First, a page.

Participants will learn:
- UNIX application development concepts and tools (for example, tools such as configure and make)
- How to use GNV on OpenVMS
- How to take advantage of UNIX Portability features provided by OpenVMS 8.2
- How to successfully port real world applications to OpenVMS
Recent versions of OpenVMS include new tools and features that facilitate porting Open Source applications to OpenVMS. Using these OpenVMS tools and features, students will learn how to port at least three Open Source applications to OpenVMS. Students will start with zip files from the web and end with applications running successfully on an OpenVMS system. In the process, students will gain experience with GNV (Gnu´s Not VMS, a set of UNIX like utilities for OpenVMS), learn to use several UNIX application development tools such as configure and make, learn about the latest portability features in the OpenVMS C RTL, and explore other features that facilitate porting applications to OpenVMS from a UNIX environment. Students will also learn the most significant differences between UNIX and OpenVMS, and the methods for dealing with those differences when porting applications.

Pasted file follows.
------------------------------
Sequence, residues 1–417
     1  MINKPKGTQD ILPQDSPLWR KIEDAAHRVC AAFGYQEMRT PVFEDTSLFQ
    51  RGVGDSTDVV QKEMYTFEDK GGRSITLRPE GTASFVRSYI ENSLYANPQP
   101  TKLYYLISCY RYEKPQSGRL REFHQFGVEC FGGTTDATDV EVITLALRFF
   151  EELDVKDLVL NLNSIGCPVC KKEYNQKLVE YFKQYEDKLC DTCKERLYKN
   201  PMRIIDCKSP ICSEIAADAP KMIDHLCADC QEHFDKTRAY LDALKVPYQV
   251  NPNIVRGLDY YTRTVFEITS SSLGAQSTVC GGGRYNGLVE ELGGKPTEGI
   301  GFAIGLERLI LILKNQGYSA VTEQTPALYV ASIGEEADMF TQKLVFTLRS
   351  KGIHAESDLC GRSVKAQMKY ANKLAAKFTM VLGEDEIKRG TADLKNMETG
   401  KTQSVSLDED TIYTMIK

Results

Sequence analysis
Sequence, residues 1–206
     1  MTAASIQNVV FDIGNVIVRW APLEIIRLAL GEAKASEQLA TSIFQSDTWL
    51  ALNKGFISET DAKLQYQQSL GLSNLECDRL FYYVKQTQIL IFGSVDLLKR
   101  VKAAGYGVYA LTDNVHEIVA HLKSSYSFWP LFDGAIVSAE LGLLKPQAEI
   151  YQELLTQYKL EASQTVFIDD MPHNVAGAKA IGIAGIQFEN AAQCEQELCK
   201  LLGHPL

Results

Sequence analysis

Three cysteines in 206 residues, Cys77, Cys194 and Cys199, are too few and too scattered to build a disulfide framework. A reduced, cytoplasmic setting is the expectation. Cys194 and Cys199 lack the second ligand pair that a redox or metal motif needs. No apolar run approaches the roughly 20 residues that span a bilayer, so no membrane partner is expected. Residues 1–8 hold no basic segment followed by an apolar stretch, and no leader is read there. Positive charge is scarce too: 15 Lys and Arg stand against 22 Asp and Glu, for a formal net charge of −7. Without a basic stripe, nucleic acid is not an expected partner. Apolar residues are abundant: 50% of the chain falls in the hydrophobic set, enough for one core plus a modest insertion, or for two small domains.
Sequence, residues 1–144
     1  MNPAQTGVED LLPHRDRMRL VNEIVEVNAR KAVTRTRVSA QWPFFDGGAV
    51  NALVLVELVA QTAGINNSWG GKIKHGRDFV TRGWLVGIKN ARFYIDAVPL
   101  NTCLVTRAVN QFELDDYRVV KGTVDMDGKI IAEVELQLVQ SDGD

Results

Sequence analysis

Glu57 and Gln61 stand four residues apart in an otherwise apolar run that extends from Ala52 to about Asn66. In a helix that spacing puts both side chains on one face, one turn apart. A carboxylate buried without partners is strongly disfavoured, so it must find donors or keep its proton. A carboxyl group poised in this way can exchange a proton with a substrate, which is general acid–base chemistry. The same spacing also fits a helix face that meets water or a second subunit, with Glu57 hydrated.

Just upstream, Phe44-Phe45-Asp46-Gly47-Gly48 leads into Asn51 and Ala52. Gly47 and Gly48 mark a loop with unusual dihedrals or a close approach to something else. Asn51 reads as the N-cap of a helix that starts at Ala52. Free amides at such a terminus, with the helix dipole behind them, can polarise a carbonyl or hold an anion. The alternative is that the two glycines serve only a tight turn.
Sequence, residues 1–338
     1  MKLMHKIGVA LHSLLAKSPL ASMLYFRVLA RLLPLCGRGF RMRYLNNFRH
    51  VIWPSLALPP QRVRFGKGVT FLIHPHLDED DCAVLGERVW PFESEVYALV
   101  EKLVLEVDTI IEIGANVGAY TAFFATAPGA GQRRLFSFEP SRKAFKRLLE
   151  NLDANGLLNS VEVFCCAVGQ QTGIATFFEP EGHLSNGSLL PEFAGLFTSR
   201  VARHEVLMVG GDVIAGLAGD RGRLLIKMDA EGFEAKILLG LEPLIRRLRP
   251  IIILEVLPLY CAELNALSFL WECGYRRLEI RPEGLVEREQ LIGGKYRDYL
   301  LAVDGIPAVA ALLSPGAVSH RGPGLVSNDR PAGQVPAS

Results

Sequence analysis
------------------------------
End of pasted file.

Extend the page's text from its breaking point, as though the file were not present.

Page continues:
Für diesen Kurs sind keine speziellen Vorkenntniss.
Brad McCusker, Hewlett-Packard Corp.
Brad McCusker is a senior technical architect in HP´s Business Critical Servers, Transition Engineering and Consulting group, focusing on delivering architectural workshops to enterprise customers contemplating transitions to various HP platforms. Prior to this role, Brad was a longtime member of HP´s OpenVMS Engineering group where he was the Project Leader for the C Run-Time Library (C RTL), responsible for leading its upgrade to meet Open Group standards and support UNIX/Linux application portability. Brad´s prior work in the OpenVMS Engineering group included a long history with PATHWORKS and Advanced Server Engineering. Prior to Digital/Compaq/HP, Brad spent eight years in an OpenVMS development environment, primarily for the US Navy in the field of real-time anti-submarine warfare simulation. Brad has a BS in Computer Science from the University of Lowell, and an MS in Computer Science from Rensselaer Polytechnic Institute.